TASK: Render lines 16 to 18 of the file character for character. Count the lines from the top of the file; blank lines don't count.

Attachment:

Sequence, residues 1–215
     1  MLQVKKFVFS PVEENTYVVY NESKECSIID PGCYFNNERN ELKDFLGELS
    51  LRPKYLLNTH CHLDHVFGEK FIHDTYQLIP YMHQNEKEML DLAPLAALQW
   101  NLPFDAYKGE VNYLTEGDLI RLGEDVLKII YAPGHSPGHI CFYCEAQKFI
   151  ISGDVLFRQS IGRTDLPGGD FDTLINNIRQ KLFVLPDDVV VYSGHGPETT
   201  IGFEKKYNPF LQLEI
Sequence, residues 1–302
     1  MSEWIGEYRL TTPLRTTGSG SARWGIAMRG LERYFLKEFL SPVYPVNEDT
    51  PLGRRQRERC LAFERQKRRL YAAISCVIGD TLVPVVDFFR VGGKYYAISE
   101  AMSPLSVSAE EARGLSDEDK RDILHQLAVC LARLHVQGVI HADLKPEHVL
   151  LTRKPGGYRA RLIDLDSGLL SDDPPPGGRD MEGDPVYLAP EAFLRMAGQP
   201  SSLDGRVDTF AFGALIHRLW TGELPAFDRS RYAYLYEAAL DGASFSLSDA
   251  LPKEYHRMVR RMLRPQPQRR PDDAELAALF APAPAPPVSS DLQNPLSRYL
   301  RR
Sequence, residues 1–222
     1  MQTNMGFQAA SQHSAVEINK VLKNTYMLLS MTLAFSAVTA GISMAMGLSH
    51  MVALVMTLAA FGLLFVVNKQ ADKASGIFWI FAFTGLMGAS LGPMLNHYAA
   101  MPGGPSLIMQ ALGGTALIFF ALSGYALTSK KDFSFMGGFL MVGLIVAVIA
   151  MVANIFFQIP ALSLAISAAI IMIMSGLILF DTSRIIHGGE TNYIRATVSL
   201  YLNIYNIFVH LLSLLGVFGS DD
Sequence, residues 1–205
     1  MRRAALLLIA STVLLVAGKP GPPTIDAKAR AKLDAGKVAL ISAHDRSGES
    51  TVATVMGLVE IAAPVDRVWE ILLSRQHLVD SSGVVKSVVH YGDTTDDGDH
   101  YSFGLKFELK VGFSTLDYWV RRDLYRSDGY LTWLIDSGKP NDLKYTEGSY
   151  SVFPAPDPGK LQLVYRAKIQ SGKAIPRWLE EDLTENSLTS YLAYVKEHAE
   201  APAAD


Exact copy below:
     1  MQTNMGFQAA SQHSAVEINK VLKNTYMLLS MTLAFSAVTA GISMAMGLSH
    51  MVALVMTLAA FGLLFVVNKQ ADKASGIFWI FAFTGLMGAS LGPMLNHYAA
   101  MPGGPSLIMQ ALGGTALIFF ALSGYALTSK KDFSFMGGFL MVGLIVAVIA